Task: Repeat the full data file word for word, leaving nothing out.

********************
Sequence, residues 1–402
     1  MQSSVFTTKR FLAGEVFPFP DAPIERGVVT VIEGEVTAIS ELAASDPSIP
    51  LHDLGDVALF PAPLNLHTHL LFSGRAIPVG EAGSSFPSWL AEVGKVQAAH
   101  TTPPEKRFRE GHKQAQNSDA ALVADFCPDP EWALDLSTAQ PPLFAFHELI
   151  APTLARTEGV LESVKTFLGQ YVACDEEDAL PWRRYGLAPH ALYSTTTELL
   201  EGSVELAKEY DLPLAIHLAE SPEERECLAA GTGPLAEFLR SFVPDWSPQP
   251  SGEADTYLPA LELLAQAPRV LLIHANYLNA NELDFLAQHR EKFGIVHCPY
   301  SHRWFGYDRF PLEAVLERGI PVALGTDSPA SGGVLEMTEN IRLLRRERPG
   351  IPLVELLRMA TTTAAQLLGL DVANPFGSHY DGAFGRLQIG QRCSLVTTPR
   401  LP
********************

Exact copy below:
Sequence, residues 1–402
     1  MQSSVFTTKR FLAGEVFPFP DAPIERGVVT VIEGEVTAIS ELAASDPSIP
    51  LHDLGDVALF PAPLNLHTHL LFSGRAIPVG EAGSSFPSWL AEVGKVQAAH
   101  TTPPEKRFRE GHKQAQNSDA ALVADFCPDP EWALDLSTAQ PPLFAFHELI
   151  APTLARTEGV LESVKTFLGQ YVACDEEDAL PWRRYGLAPH ALYSTTTELL
   201  EGSVELAKEY DLPLAIHLAE SPEERECLAA GTGPLAEFLR SFVPDWSPQP
   251  SGEADTYLPA LELLAQAPRV LLIHANYLNA NELDFLAQHR EKFGIVHCPY
   301  SHRWFGYDRF PLEAVLERGI PVALGTDSPA SGGVLEMTEN IRLLRRERPG
   351  IPLVELLRMA TTTAAQLLGL DVANPFGSHY DGAFGRLQIG QRCSLVTTPR
   401  LP